By Ray Williams Robinson Valiente, UCI Cuba
Air traffic regulations in Nlogonia require that each city must register exactly one outbound flight to another city. Passengers can use this flight only in the direction registered, that is, there may be a flight registered from city X to city Y and no flight registered from city Y to city X. Thus, the number of registered flights is equal to the number of cities. This rule, as one can imagine, makes air travel somewhat complicated, but tradition and a strong ruling by the Queen makes any changes difficult. Besides, some companies even make a profit from the problems caused by the rule.
The Association for Couple Matching (ACM) is setting up a new service to help customers find their long lasting soulmates: the Internet Connecting Program for Couples (ICPC). The service consists of computing the minimum total number of flights a couple needs to take to meet each other (perhaps in a city where neither of them lives in). Assuming the couple's starting cities are A and B, the agency will try to find a city C such that C is reachable by air travel from both A and B, and the sum of the number of flights needed to go from A to C and the number of flights needed to go from B to C is minimized. Note that C may be equal to A or B or both.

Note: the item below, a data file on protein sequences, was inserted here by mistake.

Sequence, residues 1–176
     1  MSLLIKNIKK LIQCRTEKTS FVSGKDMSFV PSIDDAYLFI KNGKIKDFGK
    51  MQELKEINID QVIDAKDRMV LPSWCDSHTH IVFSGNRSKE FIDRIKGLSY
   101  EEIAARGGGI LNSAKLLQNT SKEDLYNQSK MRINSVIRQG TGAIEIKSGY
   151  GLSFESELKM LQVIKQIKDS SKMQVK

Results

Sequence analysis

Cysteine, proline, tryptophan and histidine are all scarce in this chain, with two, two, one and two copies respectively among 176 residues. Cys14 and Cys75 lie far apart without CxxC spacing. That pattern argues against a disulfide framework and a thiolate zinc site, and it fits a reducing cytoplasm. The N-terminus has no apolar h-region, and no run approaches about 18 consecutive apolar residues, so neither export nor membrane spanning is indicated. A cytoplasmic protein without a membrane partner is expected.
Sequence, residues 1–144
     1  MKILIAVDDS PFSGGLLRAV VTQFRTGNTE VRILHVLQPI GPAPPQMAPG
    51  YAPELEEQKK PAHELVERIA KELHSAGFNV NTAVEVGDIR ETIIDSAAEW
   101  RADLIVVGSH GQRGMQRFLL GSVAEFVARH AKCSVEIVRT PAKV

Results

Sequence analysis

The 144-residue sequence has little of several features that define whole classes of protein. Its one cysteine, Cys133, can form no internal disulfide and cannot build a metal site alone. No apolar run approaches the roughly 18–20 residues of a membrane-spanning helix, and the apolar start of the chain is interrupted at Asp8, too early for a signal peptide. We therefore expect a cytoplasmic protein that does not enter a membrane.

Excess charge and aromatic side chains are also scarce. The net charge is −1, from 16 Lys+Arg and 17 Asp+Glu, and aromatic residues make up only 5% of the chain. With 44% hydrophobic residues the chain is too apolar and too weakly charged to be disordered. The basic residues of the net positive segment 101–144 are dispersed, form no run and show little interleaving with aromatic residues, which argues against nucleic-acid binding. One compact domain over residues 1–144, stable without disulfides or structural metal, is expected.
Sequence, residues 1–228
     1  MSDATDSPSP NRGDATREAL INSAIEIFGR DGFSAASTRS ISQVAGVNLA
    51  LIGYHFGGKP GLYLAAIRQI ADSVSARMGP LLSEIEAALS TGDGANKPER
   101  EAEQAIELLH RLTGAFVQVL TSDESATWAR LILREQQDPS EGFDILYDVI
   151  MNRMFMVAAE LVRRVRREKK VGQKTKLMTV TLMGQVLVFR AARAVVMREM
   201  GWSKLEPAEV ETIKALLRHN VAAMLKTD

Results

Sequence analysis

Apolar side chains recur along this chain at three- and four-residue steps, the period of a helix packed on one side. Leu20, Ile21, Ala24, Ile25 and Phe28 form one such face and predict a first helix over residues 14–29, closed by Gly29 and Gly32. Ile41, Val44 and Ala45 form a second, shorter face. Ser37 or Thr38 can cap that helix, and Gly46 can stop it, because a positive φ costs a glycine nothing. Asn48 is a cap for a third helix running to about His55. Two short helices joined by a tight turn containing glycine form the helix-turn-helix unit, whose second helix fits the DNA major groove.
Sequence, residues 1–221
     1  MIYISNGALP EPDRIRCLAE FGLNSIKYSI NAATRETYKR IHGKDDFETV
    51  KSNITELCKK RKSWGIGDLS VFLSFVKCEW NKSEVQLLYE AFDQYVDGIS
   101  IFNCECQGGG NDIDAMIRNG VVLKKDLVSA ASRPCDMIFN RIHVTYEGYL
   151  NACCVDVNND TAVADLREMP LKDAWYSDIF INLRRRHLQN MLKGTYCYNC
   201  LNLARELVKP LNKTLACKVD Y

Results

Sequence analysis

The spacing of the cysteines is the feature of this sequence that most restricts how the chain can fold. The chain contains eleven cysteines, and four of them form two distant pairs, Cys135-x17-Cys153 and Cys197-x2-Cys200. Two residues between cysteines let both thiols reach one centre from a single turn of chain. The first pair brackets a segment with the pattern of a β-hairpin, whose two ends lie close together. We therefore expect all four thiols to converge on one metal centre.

It will be given to you the list of all available flights, and a list of queries consisting of pairs of cities where the members of a couple live. For each query, you must compute the minimum total number of flights that are needed for them to meet.
Each test case is described using several lines. The first line contains an integer N representing the number of cities ( 2 ≤ N ≤ 105). Cities are identified by different integers from 1 to N. The second line contains N integers Fi, where Fi indicates that the registered outbound flight from city i is to city Fi ( 1 ≤ Fi ≤ N, Fi = i for i = 1, 2,..., N). The third line contains an integer Q representing the number of queries ( 1 ≤ Q ≤ 105). Each of the next Q lines describes a query with two integers A and B indicating the couple's starting cities ( 1 ≤ A, B ≤ N). Within each test case, if it is possible to travel by air from city X to city Y, the maximum number of flights needed to do so is 104.
For each test case output Q lines. In the i-th line write an integer with the answer to the i-th query. If the corresponding couple can meet by air travel, write the minimum total number of flights that the couple must take to meet one another; if it is impossible for the couple to meet by air travel, write the number '-1'.
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